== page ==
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“Bite-Size Bits of Local, National, and Global History”
Near Entiat in Chelan County, Washington — The American West (Northwest)
 

Earthquake Point

 
 
Earthquake Point Marker image. Click for full size.
Photographed By Cosmos Mariner, July 29, 2015
1. Earthquake Point Marker
Inscription.  This site on Ribbon Cliff called Broken Mountain by the Indians experienced a violent earthquake in December, 1872. The shock split the mountain, forming the cliff to the west and causing a huge rock slide which stopped the flow of the Columbia River for several hours. The black ribbons of the cliff are lava filled fissures. Plateau lavas of the region later covered this rock mass.

The white volcanic ash in road excavation is so recent as to have buried undecayed logs. It was blown from Glacier Peak, a volcanic cone, 50 miles to the northwest.
 
Erected by Washington State Department of Transportation and Washington State Parks and Recreation Commission. (Marker Number 26.)
 
Topics. This historical marker is listed in these topic lists: LandmarksNative AmericansNotable EventsNotable Places. A significant historical month for this entry is December 1872.
 
Location. 47° 42.904′ N, 120° 13.35′ W. Marker is near Entiat, Washington, in Chelan County. Marker is on U.S. 97A, one mile north of North Lakeshore Drive, on the left when
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traveling north. Marker is located in a large pull-out on the west side of the highway. Touch for map. Marker is in this post office area: Entiat WA 98822, United States of America. Touch for directions.
 
Other nearby markers. At least 1 other marker is within 13 miles of this marker, measured as the crow flies. St. Andrews Episcopal Church (approx. 12.8 miles away).
 
More about this marker. This is a large, painted wooden "billboard-style" marker, mounted on heavy-duty wooden posts.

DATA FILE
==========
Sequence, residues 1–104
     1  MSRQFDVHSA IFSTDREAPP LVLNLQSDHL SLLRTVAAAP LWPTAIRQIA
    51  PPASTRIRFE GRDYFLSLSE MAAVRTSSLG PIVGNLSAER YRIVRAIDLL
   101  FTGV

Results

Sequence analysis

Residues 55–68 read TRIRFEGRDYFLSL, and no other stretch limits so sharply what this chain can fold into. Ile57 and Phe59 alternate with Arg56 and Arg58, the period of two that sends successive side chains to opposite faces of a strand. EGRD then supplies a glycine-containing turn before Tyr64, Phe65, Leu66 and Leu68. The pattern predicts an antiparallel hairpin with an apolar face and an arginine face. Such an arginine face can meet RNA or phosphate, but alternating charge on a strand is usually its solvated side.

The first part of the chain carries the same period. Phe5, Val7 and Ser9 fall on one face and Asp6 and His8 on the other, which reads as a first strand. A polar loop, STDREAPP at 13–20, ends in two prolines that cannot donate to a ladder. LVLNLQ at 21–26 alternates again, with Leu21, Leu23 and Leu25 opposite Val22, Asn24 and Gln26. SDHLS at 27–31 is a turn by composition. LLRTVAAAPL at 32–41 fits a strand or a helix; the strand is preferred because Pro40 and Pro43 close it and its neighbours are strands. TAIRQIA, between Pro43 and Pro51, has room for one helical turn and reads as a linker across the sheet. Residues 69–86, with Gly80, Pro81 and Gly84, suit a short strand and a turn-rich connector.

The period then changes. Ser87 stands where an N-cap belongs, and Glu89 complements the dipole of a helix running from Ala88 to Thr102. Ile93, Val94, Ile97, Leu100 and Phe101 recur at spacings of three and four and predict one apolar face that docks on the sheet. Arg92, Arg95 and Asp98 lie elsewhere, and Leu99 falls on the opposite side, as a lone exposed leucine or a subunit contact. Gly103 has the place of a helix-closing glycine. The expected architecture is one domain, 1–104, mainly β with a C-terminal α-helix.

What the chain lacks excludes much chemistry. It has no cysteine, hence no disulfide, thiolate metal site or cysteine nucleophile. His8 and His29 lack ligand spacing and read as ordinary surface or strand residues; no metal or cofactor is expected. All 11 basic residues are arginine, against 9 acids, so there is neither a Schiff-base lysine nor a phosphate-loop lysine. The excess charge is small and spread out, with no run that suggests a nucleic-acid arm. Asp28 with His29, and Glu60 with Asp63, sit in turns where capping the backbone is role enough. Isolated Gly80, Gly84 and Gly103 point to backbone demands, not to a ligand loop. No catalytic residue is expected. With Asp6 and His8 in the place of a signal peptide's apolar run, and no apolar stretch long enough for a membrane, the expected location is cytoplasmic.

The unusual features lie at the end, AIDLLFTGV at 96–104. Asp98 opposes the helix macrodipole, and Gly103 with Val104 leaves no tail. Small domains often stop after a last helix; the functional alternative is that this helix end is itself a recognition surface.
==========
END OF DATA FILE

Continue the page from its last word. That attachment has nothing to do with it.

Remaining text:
Also see . . .  The 1872 North Cascades Earthquake. Moses Splawn, the Yakima pioneer who discovered gold in the Boise basin in 1861, came over the Wenatchee mountains on horseback when he was 85 years of age. This is the story he told of the earthquake: "When I got to Entiat I found the Indians were all excited. The mountain north of Entiat had slid down and damned the Columbia for a short time but there was something strange and wonderful which had occurred up the hogback east of the Columbia. I climbed the mountain with the Indians and there near the summit were two cracks in the earth. Deep down in the earth every five minutes there was an explosion like the shot of a cannon and out of the cracks in the earth a dark fluid was oozing which hardened as it ran down the mountain side and cooled. I took some of that dark material and had it analyzed and the analysis showed
Earthquake Point Marker (<i>wide view; Broken Mountain in background</i>) image. Click for full size.
Photographed By Cosmos Mariner, July 29, 2015
2. Earthquake Point Marker (wide view; Broken Mountain in background)
that it was oil." (Submitted on January 28, 2019, by Cosmos Mariner of Cape Canaveral, Florida.) 
 
Ribbon Cliff (<i>view from marker</i>) image. Click for full size.
Photographed By Cosmos Mariner, July 29, 2015
3. Ribbon Cliff (view from marker)
Broken Mountain (<i>view from marker</i>) image. Click for full size.
Photographed By Cosmos Mariner, July 29, 2015
4. Broken Mountain (view from marker)
 
 
Credits. This page was last revised on October 14, 2020. It was originally submitted on January 27, 2019, by Cosmos Mariner of Cape Canaveral, Florida. This page has been viewed 2,035 times since then and 648 times this year. Photos:   1. submitted on January 27, 2019, by Cosmos Mariner of Cape Canaveral, Florida.   2, 3, 4. submitted on January 28, 2019, by Cosmos Mariner of Cape Canaveral, Florida. • Andrew Ruppenstein was the editor who published this page.

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Jun. 23, 2024